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Uncovering the Soul of Baseball

I am excited we are reading  The Soul of Baseball—A Road Trip Through Buck O’Neil’s America by Joe Posnanski as a feature book in our 2Book Topeka community read. The book chronicles the year Posnanski spent with traveling with Buck O’Neil. The book is much more than a sports book.

Buck O'Neil

There is an old saying about sports, “sports build a person’s character.” I agree with that statement, but want to take a step further and say that sports not only builds a person’s character, it also reveals one’s character. As Posnanski writes about his travels withO’Neil, each page is another lesson in a life well lived.

Yes, this is a book about sports from O’Neil's life as a baseball player, manager, coach and scout. While those are the things in his life that first brought him fame and notoriety, there is so much more to his life. The stories in the book speak of the importance being a good father, social injustice, the love a man had for his wife, jazz and growing old.

O’Neil lived a full life, but he could have died a forgotten man, his life barely a footnote, except to the most ardent baseball fan. Instead O’Neil is brought to life by the author. Each story has a life lesson in it.

When speaking of his own father O’Neil recounted a lesson of letting go of bitterness and living the best life we can. “Drain all the bitterness from your heart,” he said. “My father was a good man. He paid his taxes. He lived a good life. But he couldn’t vote. He was not bitter though.”

We are reminded of the importance of friendship and always being on time.

And a quote that always brings a smile to my face: “Do a little showboating every now and again in your life. Remember, it was the so-so ballplayers that came up with the word ‘Showboating.’ They were jealous. If you have something to show, go ahead and showboat a little bit.”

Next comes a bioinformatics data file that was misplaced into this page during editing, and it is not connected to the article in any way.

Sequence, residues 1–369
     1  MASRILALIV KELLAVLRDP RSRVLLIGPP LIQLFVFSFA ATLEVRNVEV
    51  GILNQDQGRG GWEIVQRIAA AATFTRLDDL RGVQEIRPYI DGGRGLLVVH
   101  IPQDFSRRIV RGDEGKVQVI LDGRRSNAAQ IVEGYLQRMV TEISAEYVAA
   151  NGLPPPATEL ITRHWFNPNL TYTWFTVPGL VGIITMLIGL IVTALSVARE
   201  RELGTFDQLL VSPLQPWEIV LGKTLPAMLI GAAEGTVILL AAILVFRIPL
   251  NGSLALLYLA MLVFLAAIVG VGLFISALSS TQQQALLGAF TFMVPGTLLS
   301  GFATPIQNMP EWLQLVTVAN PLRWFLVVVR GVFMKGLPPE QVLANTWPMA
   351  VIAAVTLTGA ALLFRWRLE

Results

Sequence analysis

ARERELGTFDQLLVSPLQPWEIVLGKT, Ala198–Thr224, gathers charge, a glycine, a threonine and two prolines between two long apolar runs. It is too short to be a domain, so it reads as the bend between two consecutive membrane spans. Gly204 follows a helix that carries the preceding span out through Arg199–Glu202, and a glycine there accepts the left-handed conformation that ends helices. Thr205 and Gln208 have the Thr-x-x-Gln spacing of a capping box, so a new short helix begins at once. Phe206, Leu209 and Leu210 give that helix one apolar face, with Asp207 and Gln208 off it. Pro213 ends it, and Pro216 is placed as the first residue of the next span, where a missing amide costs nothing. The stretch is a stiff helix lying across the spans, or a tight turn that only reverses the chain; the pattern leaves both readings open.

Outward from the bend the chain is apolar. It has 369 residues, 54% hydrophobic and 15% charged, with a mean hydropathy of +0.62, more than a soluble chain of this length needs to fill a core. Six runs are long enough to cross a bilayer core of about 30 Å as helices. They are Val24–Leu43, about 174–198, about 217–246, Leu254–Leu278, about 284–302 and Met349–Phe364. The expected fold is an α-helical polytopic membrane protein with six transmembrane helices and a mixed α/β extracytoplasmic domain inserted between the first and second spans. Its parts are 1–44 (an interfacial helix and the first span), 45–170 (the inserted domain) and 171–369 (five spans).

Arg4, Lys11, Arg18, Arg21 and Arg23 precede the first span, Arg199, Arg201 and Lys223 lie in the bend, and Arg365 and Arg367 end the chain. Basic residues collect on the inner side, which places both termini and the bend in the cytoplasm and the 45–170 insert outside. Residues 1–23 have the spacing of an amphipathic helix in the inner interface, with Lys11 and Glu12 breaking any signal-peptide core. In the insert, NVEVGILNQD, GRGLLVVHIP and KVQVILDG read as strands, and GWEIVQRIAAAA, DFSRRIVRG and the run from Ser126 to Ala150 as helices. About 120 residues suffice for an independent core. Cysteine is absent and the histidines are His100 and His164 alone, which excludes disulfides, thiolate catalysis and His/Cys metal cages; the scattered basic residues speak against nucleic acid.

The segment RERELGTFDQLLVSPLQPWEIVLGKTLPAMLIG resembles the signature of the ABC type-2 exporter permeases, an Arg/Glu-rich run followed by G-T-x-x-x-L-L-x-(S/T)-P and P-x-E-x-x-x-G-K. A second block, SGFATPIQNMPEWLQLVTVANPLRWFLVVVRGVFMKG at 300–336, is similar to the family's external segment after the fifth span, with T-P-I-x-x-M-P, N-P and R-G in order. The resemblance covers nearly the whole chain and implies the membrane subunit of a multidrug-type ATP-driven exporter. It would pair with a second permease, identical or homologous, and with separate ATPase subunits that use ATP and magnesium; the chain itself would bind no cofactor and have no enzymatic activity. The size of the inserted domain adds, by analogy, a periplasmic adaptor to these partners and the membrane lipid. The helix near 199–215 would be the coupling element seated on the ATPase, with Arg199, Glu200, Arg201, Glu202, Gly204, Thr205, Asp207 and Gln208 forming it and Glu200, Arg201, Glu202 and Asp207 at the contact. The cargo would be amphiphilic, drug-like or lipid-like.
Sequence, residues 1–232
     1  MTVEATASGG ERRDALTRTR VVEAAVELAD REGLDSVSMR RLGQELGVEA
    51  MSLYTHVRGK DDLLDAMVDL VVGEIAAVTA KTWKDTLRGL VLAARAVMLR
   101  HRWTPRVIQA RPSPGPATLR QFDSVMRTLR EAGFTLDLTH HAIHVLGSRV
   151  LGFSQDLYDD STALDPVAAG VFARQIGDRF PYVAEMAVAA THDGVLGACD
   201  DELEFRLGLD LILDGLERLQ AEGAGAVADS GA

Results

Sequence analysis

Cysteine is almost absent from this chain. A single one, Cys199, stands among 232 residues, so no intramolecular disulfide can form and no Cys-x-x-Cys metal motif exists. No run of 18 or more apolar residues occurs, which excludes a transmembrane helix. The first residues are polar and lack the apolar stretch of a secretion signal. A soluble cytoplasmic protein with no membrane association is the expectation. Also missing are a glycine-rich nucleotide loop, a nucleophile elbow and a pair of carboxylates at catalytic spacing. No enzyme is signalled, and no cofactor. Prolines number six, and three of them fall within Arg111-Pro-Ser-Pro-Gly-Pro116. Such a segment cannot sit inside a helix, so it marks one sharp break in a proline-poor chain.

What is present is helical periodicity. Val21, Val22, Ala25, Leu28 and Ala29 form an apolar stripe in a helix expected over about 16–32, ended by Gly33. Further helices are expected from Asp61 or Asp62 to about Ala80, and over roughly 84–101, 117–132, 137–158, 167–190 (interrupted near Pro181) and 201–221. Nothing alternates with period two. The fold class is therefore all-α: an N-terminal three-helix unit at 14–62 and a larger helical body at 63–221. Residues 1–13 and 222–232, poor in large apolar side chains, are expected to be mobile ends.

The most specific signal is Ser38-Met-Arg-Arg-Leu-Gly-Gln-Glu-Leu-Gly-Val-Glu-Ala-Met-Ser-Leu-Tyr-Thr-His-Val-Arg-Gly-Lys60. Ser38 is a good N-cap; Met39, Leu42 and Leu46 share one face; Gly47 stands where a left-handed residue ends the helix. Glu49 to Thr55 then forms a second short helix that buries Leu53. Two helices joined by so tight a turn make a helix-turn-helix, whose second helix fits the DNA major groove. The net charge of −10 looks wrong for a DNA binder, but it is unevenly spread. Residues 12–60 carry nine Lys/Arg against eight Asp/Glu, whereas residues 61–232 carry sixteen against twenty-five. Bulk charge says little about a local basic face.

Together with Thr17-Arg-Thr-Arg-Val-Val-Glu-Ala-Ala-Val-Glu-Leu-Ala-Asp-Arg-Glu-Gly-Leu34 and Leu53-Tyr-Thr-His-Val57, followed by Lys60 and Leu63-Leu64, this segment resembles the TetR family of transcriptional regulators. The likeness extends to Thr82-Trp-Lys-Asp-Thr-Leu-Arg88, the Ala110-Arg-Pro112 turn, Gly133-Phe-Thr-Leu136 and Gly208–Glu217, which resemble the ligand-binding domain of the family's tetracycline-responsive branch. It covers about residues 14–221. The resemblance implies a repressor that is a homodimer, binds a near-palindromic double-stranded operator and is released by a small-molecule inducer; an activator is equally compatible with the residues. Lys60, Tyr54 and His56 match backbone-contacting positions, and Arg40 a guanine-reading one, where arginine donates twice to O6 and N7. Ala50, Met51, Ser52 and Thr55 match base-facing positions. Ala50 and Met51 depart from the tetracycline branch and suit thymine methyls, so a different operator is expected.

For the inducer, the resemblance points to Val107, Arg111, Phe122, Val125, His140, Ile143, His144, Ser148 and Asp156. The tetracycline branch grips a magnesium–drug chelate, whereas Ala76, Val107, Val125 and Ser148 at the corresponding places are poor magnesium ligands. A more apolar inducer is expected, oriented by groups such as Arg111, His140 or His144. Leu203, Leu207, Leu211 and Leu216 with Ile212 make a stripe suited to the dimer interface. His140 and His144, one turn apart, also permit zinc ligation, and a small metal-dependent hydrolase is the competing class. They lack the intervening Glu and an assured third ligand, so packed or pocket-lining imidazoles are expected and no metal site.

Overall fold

It would have been a tragedy if the world had not learned about O’Neil. Posnanski was gracious enough to answer a few of my questions about the book. One question asked of him, was how is the world a better place by knowing the whole story of Buck O’Neil?

“There are dozens of ways that Buck impacted the world with his story, but I suppose the thing that always goes to the top was his complete lack of bitterness," Posnanski said.“Here was a man who was denied basic opportunities all his life because of the color of his skin. He was denied the chance to go to his local high school. He was denied the chance to try and become a major league ballplayer. He was denied the chance to become a major league manager, when he was among the most qualified people in the world to do so. He had doors slammed in his face again and again and yet –he utterly refused (and it was a purposeful refusal) to let that alter his positive view of the world and of people. His optimism shined through every single thing he did, every story he told. I Imagine countless people in the world became a little more hopeful themselves just by coming across Buck.”

That answer is but a snippet of the remarkable man who comes alive in the book. If you have interest in reading about a man who touched many lives, I can’t encourage you enough to pick up a copy of The Soul of Baseball and join others in reading this book.

Hear Posnanski talk more about the book and his work, answer questions, and sign books at the library on Sun, Feb 17, 2-3:30pm in Marvin Auditorium. Check out all the 2Book Topeka events including a presentation by author and co-founder of the Negro Leagues Baseball Museum, Phil Dixon on March 12.

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